Students applying to Britain's best universities will have a tougher time getting in this summer than in any recent year, according to a Sunday Times report.
Some of the Russell Group's top 10 universities, which include Oxford and Cambridge, experienced a seven per cent rise in applications in 2015, while there was an average rise of two per cent across all degree courses in the UK.
The surge in applications has occurred despite the recent rise in student fees, which are now £9,000 a year at most universities.
Sir Steve Smith, chairman of the Universities and Colleges Admissions Service board, said that unless an applicant achieves three As at A-level, they will probably have to look somewhere other than the country's top institutions.
More students are trying to get into the elite universities. It will be much more competitive than last year to get a good place.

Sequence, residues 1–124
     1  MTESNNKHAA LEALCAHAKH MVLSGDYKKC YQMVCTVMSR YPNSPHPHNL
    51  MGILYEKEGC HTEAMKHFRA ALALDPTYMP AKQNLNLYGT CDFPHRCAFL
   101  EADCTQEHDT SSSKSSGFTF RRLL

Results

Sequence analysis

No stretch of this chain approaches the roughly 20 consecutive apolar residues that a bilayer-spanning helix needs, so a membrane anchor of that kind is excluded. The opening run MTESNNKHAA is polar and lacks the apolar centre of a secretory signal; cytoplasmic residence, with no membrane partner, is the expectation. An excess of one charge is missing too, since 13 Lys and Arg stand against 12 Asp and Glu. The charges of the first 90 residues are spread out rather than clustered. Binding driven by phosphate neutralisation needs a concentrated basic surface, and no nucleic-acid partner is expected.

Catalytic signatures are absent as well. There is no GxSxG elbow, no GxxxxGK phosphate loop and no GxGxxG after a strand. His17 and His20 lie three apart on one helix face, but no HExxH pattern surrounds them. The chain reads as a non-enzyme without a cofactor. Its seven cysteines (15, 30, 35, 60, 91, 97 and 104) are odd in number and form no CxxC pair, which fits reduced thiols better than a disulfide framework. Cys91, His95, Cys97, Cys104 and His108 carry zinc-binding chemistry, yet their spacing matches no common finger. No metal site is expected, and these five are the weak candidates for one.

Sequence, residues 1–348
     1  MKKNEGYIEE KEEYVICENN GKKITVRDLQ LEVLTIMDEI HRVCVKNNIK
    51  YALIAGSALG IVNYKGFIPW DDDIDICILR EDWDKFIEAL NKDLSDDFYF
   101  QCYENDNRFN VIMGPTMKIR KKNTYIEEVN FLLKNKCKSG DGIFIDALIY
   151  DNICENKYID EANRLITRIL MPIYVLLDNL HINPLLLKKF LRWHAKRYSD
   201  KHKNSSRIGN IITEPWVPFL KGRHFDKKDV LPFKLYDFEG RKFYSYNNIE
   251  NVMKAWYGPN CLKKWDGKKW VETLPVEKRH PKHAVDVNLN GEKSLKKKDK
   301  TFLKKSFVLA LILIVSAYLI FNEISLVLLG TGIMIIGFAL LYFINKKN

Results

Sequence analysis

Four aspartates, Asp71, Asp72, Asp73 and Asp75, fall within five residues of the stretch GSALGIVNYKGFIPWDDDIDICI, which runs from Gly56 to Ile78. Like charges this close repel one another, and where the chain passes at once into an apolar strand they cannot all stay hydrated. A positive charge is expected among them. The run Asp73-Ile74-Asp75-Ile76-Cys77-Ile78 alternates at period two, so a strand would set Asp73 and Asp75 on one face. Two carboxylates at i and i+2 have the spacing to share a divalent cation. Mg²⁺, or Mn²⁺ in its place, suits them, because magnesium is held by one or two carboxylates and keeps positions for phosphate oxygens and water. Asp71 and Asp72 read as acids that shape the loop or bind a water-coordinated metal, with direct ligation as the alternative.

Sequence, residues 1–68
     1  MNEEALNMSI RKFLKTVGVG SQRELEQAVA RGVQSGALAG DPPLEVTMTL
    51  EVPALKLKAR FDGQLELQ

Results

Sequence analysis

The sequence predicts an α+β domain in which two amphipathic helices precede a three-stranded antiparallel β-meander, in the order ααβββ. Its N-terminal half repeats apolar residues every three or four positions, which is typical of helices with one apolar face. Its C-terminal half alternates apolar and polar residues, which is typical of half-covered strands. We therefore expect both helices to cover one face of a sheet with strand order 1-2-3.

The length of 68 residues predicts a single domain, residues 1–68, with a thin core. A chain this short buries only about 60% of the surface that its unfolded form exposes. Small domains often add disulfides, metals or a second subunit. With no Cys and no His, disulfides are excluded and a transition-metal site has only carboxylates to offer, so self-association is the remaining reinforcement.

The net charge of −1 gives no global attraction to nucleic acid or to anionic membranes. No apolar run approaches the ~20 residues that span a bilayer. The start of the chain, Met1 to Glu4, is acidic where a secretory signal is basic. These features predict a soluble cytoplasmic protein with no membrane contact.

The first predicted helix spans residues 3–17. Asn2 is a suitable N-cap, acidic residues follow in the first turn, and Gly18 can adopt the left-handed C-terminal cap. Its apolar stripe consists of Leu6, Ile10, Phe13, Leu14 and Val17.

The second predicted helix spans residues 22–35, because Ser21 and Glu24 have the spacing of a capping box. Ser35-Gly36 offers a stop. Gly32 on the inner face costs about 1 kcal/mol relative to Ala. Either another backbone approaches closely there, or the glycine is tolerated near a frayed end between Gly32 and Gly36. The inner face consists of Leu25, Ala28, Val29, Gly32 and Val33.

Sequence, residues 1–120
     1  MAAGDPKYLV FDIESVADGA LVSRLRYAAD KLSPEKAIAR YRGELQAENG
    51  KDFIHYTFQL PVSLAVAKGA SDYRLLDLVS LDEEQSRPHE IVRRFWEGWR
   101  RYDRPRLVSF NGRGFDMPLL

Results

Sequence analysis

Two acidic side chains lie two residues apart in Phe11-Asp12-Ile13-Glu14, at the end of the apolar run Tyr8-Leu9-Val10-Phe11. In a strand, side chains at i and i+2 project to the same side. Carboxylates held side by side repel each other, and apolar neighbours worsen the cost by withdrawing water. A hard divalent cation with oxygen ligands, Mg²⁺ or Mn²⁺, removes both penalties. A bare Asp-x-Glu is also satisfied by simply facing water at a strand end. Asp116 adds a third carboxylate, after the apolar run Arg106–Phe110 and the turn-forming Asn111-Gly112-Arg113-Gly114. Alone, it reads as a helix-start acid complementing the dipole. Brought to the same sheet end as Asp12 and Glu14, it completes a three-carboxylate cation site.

Adding to the difficulties students face is the tougher marking of A levels and the scrapping of re-sits, which means fewer top grades will be awarded this year.
Looking beyond the best
Middle-ranking Russell Group universities are being less stringent about entry requirements, with some trying hard to fill empty spaces.
Cardiff, for example, is offering scholarships of £3,000 to those with three As in some subjects, while Newcastle is trying to fill a number of courses in clearing.